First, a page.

Figures close to MBS and government trolls have sent threatening tweets to human rights activists outside Saudi Arabia, advising them, for example, that “the Saudi embassy would like to have a word with you.”

Along with condemning the disappearance of Khashoggi, top senators from both parties invoked the 2016 Global Magnitsky Act, which gives the White House 120 days to decide on imposing sanctions “against anyone found responsible for the disappearance of Saudi journalist Jamal Khashoggi, even if that includes the leaders of Saudi Arabia.”

Some observers have speculated that this could be a signal to sectors within the royal family to take action against MBS. But whether such an attempt would succeed is anybody’s guess.

A coup attempt or intra-royal-family conflict might open up opportunities for a broader challenge to the standing order, but here, too, it isn't certain that these forces would represent an alternative that is fundamentally different. Whatever course such developments might take, progressive forces in Saudi Arabia are fragile and fragmented.

IN THE short term, the situation is ominous. In an October 5 interview with Bloomberg, MBS stated that the women’s rights activists arrested earlier this year will face charges amounting to espionage, which could lead to a death sentence.

Other activists have either been silenced or driven out the country — and even those who have escaped continue to fear for the lives of their loved ones and, after Khashoggi’s disappearance, even their own.

Activists are nevertheless doing their best in a difficult situation, using whatever means we have to tackle all kinds of social issues: for example, creating documentaries, feminist podcasts and online spaces where women can talk safely about their experiences sexual assault, as well as speaking out against rising xenophobia.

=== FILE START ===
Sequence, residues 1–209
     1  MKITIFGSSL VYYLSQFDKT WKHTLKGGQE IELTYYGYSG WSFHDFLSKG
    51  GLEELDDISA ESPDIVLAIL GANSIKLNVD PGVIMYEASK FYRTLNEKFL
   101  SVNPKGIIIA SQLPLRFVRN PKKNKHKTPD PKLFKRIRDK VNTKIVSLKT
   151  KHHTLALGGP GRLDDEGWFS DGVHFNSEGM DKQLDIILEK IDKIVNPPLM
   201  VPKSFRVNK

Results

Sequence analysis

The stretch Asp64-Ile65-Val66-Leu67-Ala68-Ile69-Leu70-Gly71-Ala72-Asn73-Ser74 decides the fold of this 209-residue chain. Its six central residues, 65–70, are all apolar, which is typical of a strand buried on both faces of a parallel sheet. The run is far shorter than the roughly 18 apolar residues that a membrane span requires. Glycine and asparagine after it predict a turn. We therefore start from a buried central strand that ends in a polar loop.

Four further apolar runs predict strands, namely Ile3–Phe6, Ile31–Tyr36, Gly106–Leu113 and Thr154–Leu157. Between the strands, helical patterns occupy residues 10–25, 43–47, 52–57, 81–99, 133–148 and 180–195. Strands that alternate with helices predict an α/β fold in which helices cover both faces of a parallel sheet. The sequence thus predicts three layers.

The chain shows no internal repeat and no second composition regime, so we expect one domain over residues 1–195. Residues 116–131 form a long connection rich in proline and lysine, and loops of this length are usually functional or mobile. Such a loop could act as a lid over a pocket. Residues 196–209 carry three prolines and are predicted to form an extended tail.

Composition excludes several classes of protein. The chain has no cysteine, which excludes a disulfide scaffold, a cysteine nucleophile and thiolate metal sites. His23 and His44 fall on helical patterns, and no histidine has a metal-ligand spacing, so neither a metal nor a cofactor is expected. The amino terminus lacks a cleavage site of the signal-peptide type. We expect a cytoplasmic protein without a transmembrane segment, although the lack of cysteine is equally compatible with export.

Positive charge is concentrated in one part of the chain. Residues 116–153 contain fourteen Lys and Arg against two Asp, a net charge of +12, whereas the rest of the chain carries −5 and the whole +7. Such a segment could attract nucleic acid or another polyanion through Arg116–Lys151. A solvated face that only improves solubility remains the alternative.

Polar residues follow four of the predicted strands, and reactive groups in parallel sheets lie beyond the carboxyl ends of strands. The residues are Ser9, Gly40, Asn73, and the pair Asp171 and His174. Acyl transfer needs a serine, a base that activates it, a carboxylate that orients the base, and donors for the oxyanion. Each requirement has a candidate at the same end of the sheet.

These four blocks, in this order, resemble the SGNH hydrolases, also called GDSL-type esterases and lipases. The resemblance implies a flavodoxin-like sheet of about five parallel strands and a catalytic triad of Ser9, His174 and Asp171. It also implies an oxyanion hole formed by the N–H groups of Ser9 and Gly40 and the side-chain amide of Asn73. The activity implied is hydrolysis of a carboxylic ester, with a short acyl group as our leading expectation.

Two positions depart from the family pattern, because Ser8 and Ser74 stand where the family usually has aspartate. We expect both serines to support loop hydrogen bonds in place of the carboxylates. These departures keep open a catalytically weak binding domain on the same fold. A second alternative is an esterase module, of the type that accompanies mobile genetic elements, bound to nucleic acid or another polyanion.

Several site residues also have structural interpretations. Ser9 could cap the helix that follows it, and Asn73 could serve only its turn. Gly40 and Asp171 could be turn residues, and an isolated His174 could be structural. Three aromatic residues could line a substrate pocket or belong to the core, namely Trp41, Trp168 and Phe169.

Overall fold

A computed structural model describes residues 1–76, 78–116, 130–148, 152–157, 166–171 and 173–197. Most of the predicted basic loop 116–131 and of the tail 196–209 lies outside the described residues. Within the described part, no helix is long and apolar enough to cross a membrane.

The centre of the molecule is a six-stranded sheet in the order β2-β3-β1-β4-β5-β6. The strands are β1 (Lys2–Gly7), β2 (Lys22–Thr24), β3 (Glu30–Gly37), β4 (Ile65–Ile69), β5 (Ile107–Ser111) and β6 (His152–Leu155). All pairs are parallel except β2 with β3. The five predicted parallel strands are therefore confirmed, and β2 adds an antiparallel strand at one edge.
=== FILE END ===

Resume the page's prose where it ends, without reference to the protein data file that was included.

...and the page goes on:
Those challenging the many faces of repression and working for change in Saudi Arabia are in need for international solidarity. But those working for justice around the world must not only take up their cause, but also that of those most harmed by Saudi transgressions: namely, the people of Yemen.

In countries providing arms and key logistical support that enable bin Salman’s war on Yemen, activists should demand an end to the war and to arms deals with Saudi Arabia and the UAE. They should maintain a principled opposition to their own ruling classes’ imperialist transgressions.

Our struggles are one. The ruling class’s brutal treatment of racialized communities abroad will be be used against its own. When Saudi women, and women in Muslim-majority countries in general, are portrayed as mere victims, lacking any agency, this is also an attack on women’s agency everywhere.

Above all, victories for justice achieved at home cannot be sustained without a fight for justice on the international level.